I’m sure I’m not alone in reflecting how this awful pandemic has had a strange impact on time.

Christina Blacklaws

Christina Blacklaws

It feels like yesterday when we were holding the international symposium when we introduced the Women in Law Pledge and in other ways, it seems like an eon ago!

In June 2019, I was privileged to launch the Women in Law Pledge at the two-day conference which was attended by over 400 delegates from all over the world.

The Pledge was the final piece of our three-year programme to investigate why women were not attaining leadership positions in law commensurate with their aspirations, skills, expertise, experience and sheer numbers; to identify how to solve these problems and to get everyone to become activists for gender equality in our profession.

We conducted the largest ever global survey on this subject, and, for the qualitative research undertook 250 roundtables in 19 countries. For these roundtables, we produced toolkits with the dual purpose of getting all attendees to focus on the issues identified through the survey and to give people practical ways that they could personally make a difference back in their own firms and organisations.

We involved tens of thousands of lawyers around the world, and I had the privilege of facilitating 48 roundtables in 18 countries from Ukraine to Brazil, Rwanda to New Zealand.

I learned so much from that humbling and enriching experience and I believe for many of the attendees, it was transformative.

They experienced the comfort from knowing that, across the world, the experience of women lawyers was similar and that they had many, many supporters who were willing and able to help them to make positive change.

We produced three insight reports; one for the domestic women’s roundtable, one for the men’s and another for the international events.

From these insights, one thing became abundantly clear; across the globe, women working in law face systematic bias which is a significant barrier to career progression and fair and equitable treatment.

This is magnified for women with additional protected characteristics, however, there are some actions which can be taken which really work to level the playing field, increase profitability, and improve working life for all.

With this in mind, and the reports and data under our belt, we worked with the International Bar Association, the Bar Council, CILEx and the Ministry of Justice, to distil the most important findings from the whole programme into the eight points of the Women in Law Pledge.

Thematically, it is all about leadership, setting achievable targets and accountability. The Pledge aims to help you on your diversity and inclusion journey, so you set the targets that are right for your business, organisation, or law firm.

The Pledge asks organisations across the profession to work together, to be thoughtful in creating meaningful change for women’s equality and to take an active role in a better, more inclusive future.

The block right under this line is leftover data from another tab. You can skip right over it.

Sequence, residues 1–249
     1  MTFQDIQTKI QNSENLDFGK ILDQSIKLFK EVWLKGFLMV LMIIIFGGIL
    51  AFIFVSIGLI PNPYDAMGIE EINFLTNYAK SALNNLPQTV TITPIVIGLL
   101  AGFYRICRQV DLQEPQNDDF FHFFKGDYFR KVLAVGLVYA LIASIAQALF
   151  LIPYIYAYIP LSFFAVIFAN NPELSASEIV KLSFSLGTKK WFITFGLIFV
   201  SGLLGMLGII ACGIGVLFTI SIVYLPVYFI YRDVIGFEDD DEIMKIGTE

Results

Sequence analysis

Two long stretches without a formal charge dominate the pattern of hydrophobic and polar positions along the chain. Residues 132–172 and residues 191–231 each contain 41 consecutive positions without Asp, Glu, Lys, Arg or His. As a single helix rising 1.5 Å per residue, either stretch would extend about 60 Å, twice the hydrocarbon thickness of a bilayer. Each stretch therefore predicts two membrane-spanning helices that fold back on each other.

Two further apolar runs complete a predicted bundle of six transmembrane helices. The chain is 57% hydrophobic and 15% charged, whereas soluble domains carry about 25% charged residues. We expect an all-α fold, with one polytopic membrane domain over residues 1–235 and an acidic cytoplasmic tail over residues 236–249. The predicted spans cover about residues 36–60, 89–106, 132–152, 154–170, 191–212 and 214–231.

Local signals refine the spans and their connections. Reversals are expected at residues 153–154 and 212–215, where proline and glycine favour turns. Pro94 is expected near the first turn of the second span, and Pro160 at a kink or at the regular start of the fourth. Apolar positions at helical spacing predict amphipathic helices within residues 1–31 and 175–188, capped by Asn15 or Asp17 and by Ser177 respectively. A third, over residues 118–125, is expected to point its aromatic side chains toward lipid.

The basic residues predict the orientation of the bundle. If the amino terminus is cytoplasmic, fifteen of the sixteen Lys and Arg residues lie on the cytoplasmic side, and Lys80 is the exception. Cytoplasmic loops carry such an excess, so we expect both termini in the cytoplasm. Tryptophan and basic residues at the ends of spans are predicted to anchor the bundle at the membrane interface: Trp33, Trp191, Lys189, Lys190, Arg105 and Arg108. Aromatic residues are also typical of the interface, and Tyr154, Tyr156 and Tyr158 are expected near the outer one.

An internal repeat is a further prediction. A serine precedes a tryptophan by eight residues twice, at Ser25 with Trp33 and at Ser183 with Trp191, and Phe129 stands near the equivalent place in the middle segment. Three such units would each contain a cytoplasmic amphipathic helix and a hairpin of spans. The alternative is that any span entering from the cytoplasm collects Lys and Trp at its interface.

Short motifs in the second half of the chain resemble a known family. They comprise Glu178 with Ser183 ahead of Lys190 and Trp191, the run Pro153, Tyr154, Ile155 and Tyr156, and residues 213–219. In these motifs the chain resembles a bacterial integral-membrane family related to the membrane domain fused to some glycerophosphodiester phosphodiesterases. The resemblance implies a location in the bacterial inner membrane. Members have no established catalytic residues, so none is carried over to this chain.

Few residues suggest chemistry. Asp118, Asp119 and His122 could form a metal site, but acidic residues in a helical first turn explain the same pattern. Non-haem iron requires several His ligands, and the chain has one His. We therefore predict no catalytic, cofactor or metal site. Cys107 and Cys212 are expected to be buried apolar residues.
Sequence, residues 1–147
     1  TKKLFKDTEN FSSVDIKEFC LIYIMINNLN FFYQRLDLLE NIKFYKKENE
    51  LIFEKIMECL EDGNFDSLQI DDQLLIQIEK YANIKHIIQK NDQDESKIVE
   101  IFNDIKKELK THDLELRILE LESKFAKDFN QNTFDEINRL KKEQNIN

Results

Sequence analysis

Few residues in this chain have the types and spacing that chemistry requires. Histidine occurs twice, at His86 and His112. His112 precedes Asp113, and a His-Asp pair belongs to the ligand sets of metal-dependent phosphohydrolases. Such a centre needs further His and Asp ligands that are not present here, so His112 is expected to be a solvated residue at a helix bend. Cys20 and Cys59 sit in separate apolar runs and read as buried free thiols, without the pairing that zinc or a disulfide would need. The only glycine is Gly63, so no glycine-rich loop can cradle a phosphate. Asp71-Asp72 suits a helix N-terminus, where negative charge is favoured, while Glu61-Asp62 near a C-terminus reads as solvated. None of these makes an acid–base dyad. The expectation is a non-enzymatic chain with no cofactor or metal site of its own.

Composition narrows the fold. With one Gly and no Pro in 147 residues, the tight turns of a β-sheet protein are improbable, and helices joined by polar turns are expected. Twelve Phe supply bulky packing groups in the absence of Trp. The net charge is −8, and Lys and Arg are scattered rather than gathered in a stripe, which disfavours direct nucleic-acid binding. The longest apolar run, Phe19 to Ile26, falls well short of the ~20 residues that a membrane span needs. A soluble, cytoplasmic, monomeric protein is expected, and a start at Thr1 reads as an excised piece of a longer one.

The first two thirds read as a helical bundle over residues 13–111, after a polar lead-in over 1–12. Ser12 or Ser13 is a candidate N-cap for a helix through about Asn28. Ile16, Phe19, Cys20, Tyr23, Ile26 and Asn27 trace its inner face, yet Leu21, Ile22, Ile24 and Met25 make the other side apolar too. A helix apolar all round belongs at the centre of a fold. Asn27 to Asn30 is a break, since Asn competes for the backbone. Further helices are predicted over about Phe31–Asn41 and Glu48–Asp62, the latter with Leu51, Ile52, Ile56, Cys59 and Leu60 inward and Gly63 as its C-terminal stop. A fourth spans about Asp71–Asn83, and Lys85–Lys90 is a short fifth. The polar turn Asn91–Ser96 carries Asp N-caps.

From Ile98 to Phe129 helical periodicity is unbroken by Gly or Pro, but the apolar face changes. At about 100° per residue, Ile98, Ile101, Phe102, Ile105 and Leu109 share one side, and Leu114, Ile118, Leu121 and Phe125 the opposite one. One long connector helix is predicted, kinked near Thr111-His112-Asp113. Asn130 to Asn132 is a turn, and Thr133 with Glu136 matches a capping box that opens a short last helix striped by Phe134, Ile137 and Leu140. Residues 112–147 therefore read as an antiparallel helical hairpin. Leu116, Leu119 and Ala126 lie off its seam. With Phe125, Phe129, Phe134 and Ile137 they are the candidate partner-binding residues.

It is a public commitment, supported by senior buy-in, to pledge to improve diversity and inclusion.

Of course, the Law Society will provide help with all of this and there is some useful guidance on the website. Colleagues from other firms who have already signed up (and there are many from a wide variety of organisations) have also offered to assist.

This is one area of the law where collegiality trumps competition, with a broadly shared common desire to raise the bar for all.

I believe that every single law firm, legal department, barrister’s chambers and legal organisation could sign up to the Pledge and that it would be revolutionary for women – now and in the future - in those businesses.

By signing up to the Pledge, you will shift the dial for inclusion in your business, create greater gender balance and be on your way to ensuring a profitable and sustainable future.

What was clear throughout our research was that taking action around gender inequality has a positive impact for everyone.

One of the key recommendations related to flexible and agile working and over the last year, in a world blighted by pandemic, whilst office workers have experienced both the positives and challenges of fully remote working, it has shown that we, as a profession, are capable of adapting and evolving to create positive and progressive changes.

This is our chance to embed positive change.

It is likely most organisations will be preparing a plan which focusses on getting the ‘new normal’ – why not develop working environments which are right for everyone, including working parents.

Take this opportunity to develop a more successful future for all as the challenges which women (who are the majority of the legal workforce) face, often have significant read through for everyone.

I would suggest there’s a compelling case for action and, by adopting the Pledge, you get the framework and the support to make this change lasting and significant.


To celebrate the two-year anniversary of the Women in Law Pledge and to reflect on how women have been impacted during the course of the pandemic, the Law Society is hosting a virtual event on Thursday 17 June. Find out more here.


Find out more about the Women in Law Pledge.


Christina Blacklaws, CEO Blacklaws Consulting and former president of the Law Society of England and Wales